Our neighboring state to the south adopted a charter school law similar to ours a few years after Colorado. Their new state authorizer recently denied all but one charter school application.
A recent change in New Mexico's charter school law gave applicants the choice to go straight to the state for approval. In its inaugural application process, the state's Public Education Commission denied all but one application for new state-chartered schools. Some applicants thought the application process was flawed and applicants needed more clear direction. "This commission needs to take responsibility" in making sure charter developers know what's expected of them, said Dennis Deliman, whose Arenas Valley Charter School was denied. Lisa Grover of the New Mexico Coalition for Charter Schools said the application process focuses too much on small details and should instead look at school management and academic programs. "We're talking about where governing councils' agendas are posted," said Grover. "That to me is not where we would like to see the conversation." Source: Santa Fe New Mexican, (09/12/2007) http://www.freenewmexican.com/news/68432.html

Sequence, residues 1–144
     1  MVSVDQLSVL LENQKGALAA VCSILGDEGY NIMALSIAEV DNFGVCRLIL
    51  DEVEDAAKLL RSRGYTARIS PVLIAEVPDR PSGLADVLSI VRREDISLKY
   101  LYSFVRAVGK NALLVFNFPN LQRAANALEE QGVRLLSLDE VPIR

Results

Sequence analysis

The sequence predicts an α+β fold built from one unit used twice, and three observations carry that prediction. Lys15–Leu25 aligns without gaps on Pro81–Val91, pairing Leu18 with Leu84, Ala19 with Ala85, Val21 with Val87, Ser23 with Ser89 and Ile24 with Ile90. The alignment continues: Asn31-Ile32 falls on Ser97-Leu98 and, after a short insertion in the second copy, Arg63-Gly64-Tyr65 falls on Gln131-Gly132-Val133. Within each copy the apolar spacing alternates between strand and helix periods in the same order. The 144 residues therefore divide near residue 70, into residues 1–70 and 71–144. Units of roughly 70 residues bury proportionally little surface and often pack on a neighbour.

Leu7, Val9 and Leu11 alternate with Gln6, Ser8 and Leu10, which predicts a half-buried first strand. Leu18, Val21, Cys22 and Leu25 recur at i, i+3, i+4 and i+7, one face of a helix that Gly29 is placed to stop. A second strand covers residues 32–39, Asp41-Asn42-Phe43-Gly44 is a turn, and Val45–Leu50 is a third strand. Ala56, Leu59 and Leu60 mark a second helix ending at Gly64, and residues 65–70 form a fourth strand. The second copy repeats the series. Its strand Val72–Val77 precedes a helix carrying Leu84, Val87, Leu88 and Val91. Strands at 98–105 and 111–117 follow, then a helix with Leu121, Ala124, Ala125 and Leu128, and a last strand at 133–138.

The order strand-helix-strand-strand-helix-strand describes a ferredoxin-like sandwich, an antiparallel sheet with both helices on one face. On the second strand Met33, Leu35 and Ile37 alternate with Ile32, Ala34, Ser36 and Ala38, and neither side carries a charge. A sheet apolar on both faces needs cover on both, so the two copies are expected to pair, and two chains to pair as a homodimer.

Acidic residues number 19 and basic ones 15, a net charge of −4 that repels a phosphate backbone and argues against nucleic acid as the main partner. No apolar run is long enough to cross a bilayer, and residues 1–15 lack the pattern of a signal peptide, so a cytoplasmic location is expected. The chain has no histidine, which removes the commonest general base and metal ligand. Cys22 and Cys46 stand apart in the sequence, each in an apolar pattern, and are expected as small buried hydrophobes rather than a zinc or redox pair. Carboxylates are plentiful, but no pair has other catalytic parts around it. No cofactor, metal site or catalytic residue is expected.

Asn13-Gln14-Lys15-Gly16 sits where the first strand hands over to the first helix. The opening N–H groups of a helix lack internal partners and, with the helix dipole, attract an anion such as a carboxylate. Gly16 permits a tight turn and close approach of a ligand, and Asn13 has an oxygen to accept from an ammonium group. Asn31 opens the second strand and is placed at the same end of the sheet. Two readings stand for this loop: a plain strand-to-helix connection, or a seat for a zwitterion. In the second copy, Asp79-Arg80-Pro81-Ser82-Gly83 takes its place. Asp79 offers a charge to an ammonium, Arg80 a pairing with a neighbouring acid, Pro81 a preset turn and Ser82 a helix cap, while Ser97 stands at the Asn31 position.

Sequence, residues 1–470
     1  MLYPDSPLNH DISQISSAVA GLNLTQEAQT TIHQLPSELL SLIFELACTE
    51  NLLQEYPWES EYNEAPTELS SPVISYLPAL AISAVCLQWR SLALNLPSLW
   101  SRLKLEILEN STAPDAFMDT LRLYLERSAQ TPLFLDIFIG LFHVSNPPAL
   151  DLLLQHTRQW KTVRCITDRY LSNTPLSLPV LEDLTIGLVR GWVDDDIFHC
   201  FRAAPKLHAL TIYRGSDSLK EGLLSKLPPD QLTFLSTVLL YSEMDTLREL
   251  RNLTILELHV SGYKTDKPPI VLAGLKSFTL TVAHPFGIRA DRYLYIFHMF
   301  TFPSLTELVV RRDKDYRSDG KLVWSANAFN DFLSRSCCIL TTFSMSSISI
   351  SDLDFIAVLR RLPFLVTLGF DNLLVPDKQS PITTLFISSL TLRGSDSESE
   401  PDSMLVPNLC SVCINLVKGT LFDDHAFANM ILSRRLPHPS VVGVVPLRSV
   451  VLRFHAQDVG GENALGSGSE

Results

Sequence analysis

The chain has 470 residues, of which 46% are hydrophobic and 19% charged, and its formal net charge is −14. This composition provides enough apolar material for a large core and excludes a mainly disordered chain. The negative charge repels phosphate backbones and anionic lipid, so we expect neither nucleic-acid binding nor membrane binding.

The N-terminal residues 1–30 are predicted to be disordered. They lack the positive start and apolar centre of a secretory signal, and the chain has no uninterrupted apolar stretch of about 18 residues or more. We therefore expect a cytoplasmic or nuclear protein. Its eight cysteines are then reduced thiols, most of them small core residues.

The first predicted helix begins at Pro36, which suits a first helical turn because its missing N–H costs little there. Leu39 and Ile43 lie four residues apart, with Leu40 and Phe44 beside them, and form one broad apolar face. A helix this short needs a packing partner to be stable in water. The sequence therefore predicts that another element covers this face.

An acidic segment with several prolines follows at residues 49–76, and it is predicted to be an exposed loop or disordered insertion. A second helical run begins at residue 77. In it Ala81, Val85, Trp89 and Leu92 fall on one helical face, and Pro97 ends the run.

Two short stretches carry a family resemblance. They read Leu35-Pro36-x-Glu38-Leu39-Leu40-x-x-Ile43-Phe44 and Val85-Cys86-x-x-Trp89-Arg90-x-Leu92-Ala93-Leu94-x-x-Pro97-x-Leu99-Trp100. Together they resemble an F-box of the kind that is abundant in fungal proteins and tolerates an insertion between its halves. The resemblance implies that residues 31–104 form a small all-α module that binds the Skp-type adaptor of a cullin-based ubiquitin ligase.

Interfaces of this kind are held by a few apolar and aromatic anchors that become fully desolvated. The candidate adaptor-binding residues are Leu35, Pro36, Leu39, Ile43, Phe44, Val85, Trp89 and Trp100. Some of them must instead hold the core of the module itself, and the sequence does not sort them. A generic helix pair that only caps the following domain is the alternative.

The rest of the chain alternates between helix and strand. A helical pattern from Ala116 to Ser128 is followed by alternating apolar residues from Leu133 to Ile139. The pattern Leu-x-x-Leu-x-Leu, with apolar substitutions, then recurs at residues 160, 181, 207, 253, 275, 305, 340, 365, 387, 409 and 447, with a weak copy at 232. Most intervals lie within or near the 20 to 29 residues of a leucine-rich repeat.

This is a great reminder of how fortunate the charter school community in Colorado is that the state Charter School Institute established itself with a fair, but rigorous process and a reputation for being tough, but willing to give the benefit of the doubt to a quality charter applicant. When state authorizers are established having people who understand the vision is critical. Just as charter schools are driven by a vision, charter authorizers need to have a vision for their role.